In fact, students who already had a great deal of skill were sometimes at a deficit, presumably for some of the same reasons that made them the successes they were as self-taught artists. It’s the flip side of the talent equation, the thing that paralyzed me for a long time as a youth, that I had a very difficult time overcoming. The word talent itself, with all its implications of ingrained ability and success and results arising naturally from somewhere within the person himself, can stop someone dead in their tracks at the first signs of adversity of difficulty with a new skill. If you accept that “talent,” a skill itself, is something ingrained in you, then certainly your limitations are ingrained as well. It is this big ugly block that keeps some people from doing things they’re not immediately good at, and keeps others from improving through their efforts. And it can have a horrible, long-lasting effect.

    Here’s the thing—people do have ceilings on their abilities, some barrier of aptitude that they will never cross, but how many of us actually reach it? Have you reached your barriers at any particular skill? Did you try every avenue of instruction, practicing forty, fifty hours a week? Slave over it, theorize, read the history of the craft? How many of us reach our ceilings at any of our endeavors? Because someone’s initial, unpracticed skill is only a reflection of one thing: their starting point. It’s a mistake to think that starting point is an accurate reflection of their aptitude, their ceiling.

    It’s the end of the year—December 26th—as I’m writing this now. It’s raining outside and the water is battering the house in sheets. I’m sitting now and thinking about all of the things I wanted to do when I was younger, all the things I never picked up because I was afraid of failure. Afraid of what might happen if I wasn’t good enough.

    No one came shooting out of their mother’s womb with a paint brush or a Bunsen burner or a calculator in their hand. You didn’t come equipped with a Terms of Service agreement or an Operator’s Manual that spelled out exactly what you would and would not be capable of as an adult. You, your skills, your intelligences, are malleable. Changeable.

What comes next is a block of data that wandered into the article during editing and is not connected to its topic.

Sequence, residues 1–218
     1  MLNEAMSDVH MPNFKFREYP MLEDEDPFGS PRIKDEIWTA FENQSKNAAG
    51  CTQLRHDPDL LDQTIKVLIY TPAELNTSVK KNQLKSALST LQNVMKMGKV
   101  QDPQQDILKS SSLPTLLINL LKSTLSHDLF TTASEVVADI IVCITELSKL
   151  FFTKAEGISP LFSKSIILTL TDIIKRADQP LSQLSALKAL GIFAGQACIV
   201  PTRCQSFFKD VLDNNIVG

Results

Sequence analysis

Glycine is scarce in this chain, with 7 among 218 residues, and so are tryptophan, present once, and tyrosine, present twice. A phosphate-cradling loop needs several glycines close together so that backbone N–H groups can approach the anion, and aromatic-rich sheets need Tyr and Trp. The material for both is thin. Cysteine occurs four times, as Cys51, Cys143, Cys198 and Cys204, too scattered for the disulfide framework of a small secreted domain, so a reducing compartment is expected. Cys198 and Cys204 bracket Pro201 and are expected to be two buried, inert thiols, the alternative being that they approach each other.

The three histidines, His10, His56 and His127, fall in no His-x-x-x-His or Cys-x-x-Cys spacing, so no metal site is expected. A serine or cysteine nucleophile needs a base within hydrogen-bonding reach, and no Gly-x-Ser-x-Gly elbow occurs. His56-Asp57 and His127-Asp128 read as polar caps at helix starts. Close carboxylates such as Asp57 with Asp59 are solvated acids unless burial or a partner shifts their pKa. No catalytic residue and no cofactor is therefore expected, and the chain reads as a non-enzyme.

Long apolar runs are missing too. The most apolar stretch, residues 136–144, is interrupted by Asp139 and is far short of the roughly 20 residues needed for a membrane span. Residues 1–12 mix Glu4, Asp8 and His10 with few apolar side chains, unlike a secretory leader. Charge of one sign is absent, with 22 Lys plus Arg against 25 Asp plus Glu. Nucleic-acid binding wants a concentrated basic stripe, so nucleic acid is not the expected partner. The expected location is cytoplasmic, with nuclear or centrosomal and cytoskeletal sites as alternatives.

And I hope that as the new year arises you take those desires and turn them into something concrete.

    This post was at least partially inspired by a very fiery discussion on the CJ message board from a few months ago- I have freely stolen from my own comments on that thread. You can read the prior discussion here.

    Tags: , , , ,

    57 Responses to “Mr. Square and the Curse of Talent”

    1. Alex Buchet says:

      Agree 100 per cent, Sean.

      As a language teacher, I see exactly the same phenomenon. Thank God, though, there has been vast progress in my sphere away from rote learning and obsession with literature.

      The impetus for this, however, came from business. Companies wanted their employees actually to learn how to speak a foreign language, no ifs, ands, or buts, and innovative, practical methods of teaching were devised away from the stultifying influence of professional “educationists”.

      Art, however, lacks this commercial motivation…

      In language as in art, people self-select. “I’ve no gift for languages”. But you do. Everyone does, otherwise you’d never have learned your mother tongue to start with!

    2. Derik Badman says:

      Happy Birthday, Sean!

      I too was a late December (29th) kid who ended up being in the older range of my peers. I had a contentious relationship with my elementary school art teacher, but thankfully my mom is an art school graduate so she always encouraged me to do what I wanted with my drawing/art. I might not have continued drawing had it not been for her encouragement in contrast to my school experiences.

    3. One of the interesting things about art is that you basically don’t need any drafting skills at all to do perfectly valid contemporary art. Large swathes of contemporary art are even inspired by children’s art. The whole idea of talent is really something that contemporary art takes as its subject matter and deals with in interesting and non-intuitive ways.

      Most of that doesn’t really make its way into the curriculum, unfortunately.

    4. Martin says:

      “Is there any other skill besides music that an adult human being will completely dismiss the possibility of acquiring?”

      Math? Various sports-related skills?

    5. James says:

      The idea of talent also diminishes the work involved in making art. Artists such as the Jacks Kirby and Davis, or Picasso were considered to be “drawing machines” for whom the drawings sort of magically appeared on the paper. In truth these artists worked very hard to make what they did look so easy.